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About Centre for African Studies at the University of Cape Town

African Studies at UCT is an interdisciplinary teaching and research cluster located in the School of African and Gender Studies, Anthropology and Linguistics. It consist of two sections, the Centre for African Studies and the African Studies Unit. Between them they carry out and support a large number of projects and programmes.

The African Studies Unit offers a full academic programme, concentrated at the graduate level but also including some undergraduate courses. Typically, our students are interested in critical, interdisciplinary, Africa-focused scholarship. They are interested in thinking outside of the frameworks of an inherited set of knowledge projects. And they are interested in taking seriously the critical and intellectual traditions of the global south.

The Centre for African Studies is the longest-established institution of its kind. Re-launched in 2012, it carries a mandate for promoting and supporting African Studies across the various Faculties of the University of Cape Town.

Together, the Centre for African Studies and the African Studies Unit house and support a number of projects, including:

  • The African Studies Gallery
  • The AC Jordan Chair of African Studies
  • The NRF Chair in Land Reform and Democracy in South Africa
  • The journal Social Dynamics
  • The Harry Oppenheimer Institute, a granting committee that supports African Studies at UCT
  • Curate Africa, a project focused on photography, new media and visual cultures of Africa and the Daispora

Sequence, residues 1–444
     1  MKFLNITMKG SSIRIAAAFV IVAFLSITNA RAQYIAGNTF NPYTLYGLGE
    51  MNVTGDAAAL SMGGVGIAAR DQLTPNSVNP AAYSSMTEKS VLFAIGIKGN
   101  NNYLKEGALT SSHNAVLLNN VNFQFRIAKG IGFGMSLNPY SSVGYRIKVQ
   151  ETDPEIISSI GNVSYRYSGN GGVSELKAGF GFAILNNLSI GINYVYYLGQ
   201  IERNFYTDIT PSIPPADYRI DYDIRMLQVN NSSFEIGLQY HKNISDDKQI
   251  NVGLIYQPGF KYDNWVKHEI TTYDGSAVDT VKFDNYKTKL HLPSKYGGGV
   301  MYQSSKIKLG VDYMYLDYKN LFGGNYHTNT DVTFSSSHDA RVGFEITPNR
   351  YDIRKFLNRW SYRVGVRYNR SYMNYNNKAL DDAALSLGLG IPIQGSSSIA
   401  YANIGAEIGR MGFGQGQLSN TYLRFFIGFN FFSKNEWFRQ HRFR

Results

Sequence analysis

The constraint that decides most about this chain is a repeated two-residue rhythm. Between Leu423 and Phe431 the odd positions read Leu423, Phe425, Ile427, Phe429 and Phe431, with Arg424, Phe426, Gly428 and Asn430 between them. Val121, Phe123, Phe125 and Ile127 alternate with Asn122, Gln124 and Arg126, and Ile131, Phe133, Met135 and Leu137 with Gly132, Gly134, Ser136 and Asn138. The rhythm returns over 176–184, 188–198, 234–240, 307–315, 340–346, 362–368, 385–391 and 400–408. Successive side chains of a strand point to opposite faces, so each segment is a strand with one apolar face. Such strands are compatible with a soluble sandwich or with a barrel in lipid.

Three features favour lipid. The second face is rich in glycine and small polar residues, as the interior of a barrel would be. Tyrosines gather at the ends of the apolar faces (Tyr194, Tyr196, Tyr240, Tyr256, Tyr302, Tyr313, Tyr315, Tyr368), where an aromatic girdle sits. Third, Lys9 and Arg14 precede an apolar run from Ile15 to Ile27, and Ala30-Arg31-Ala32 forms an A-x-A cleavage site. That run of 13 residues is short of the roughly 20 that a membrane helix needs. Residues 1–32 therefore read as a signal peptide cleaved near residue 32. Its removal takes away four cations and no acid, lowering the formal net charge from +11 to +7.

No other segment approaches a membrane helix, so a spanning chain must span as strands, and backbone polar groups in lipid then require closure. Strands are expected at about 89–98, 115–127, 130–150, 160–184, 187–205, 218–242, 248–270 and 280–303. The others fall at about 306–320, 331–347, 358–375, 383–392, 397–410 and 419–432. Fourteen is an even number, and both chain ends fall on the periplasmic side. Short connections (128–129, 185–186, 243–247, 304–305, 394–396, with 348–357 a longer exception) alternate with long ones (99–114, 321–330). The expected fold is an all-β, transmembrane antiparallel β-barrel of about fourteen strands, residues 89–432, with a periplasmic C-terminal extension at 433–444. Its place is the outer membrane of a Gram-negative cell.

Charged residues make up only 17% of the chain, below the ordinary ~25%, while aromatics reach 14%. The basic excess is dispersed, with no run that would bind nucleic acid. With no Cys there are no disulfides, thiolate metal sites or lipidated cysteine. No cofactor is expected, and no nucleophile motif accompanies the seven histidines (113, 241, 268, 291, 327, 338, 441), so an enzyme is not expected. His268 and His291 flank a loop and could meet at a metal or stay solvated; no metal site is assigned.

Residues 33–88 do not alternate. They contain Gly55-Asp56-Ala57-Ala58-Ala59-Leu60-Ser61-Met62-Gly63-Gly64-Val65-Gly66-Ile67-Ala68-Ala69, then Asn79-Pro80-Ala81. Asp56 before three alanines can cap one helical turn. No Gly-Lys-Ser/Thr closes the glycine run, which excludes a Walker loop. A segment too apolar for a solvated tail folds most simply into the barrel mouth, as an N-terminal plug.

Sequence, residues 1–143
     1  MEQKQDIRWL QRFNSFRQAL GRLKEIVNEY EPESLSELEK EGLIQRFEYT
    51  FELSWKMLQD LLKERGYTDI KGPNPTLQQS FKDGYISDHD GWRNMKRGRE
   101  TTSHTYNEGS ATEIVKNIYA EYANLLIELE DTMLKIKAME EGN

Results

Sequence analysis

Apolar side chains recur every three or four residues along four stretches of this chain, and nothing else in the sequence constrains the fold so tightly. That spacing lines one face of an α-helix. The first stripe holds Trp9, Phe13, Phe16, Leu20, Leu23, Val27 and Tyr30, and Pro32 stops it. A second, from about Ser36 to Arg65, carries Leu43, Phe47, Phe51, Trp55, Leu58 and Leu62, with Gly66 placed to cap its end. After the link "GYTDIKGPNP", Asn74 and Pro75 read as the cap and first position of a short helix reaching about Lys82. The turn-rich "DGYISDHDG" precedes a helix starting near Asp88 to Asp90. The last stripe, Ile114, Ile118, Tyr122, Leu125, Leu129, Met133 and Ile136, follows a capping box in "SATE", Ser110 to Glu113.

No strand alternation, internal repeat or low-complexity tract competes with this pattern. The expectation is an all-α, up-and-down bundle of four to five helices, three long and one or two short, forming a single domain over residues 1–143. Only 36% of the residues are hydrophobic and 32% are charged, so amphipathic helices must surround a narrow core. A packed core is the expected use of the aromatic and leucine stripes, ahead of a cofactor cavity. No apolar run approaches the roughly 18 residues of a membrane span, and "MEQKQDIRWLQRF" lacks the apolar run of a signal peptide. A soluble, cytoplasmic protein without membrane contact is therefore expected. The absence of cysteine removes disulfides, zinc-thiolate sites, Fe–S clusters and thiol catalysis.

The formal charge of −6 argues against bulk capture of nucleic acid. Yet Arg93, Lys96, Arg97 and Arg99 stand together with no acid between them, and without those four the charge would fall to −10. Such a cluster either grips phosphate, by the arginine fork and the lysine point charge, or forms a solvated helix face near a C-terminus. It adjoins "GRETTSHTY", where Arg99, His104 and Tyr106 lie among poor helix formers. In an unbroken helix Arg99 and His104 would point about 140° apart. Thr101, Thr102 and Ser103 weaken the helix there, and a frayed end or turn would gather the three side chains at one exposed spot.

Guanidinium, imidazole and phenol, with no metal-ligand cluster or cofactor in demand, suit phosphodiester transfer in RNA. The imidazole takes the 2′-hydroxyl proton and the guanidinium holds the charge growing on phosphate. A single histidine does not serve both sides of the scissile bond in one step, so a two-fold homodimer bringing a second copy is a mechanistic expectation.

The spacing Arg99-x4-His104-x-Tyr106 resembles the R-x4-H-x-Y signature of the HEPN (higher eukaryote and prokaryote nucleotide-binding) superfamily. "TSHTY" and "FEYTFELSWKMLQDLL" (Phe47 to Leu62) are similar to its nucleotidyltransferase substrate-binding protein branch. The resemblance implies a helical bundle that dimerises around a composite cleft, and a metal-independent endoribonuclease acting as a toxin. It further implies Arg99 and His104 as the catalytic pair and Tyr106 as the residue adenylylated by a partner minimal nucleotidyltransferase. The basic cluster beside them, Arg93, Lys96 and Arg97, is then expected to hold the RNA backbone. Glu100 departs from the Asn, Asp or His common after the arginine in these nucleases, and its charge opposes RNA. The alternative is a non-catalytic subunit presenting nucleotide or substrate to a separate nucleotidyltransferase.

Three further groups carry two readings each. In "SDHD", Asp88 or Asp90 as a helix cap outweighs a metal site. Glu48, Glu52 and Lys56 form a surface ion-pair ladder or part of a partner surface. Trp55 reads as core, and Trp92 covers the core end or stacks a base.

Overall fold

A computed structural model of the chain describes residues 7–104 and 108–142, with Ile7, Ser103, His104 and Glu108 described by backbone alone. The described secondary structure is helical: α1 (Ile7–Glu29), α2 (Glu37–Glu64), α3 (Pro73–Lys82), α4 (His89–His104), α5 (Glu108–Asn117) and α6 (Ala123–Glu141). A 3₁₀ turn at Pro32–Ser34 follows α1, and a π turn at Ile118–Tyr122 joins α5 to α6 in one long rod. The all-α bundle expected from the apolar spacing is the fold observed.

We also support a growing list of collaborations, research projects, seminars, student initiatives, and publication initiatives.

For current activities and announcements, follow African Studies at UCT on Facebook.

Points of departure

In quite fascinating ways, the Centre for African Studies at the University of Cape Town has been a flashpoint in the life of the institution, generating debate, and focusing a key set of issues and debates. These debates form one of the core legacies of African Studies at UCT, and become a point of departure for our students. Part of the mission of African Studies at UCT is to use the resources of these debates, plus other similar debates in universities across the global south, to re-imagine and reconfigure an inherited architecture of knowledge. In our pursuit of a critical, African humanities we understand ourselves to be situated at a cutting edge of new knowledge formations, a critique of inherited institutional and disciplinary forms, and a serious engagement with the critical and intellectual traditions of Africa and the Diaspora.

The University of Cape Town has recently renewed its commitment to African Studies at UCT. The African Studies Unit joined the newly created School of African and Gender Studies, Anthropology and Linguistics, and the AC Jordan Chair was filled after more than a decade of being vacant. In October 2012, a new association of Centres for African Studies on the continent of Africa was launched at a two-day symposium in the African Studies Gallery.

Some preliminary thoughts

The moment is ripe to explore a third way. The challenge is to recast African Studies as a study of Self - indeed of Selves - as a source of self- knowledge. Such a quest is likely to involve a double challenge: both ontological and epistemological.

The ontological question is primary: What is Africa? A multiplicity of "races"? Who is an "African"? A racial being? We know that apartheid in South Africa (as colonialism in the rest of Africa) constructed the "African" as a racial being. A newcomer to South Africa is struck by how university and street talk continues to portray an "African" as a racial being. If to transcend the legacy of apartheid is to transcend this racial identity and to humanize fully the construct of "African", and if this is not to turn into a mere posture, do we not need to ask: what is the historical process that makes of us, Africans?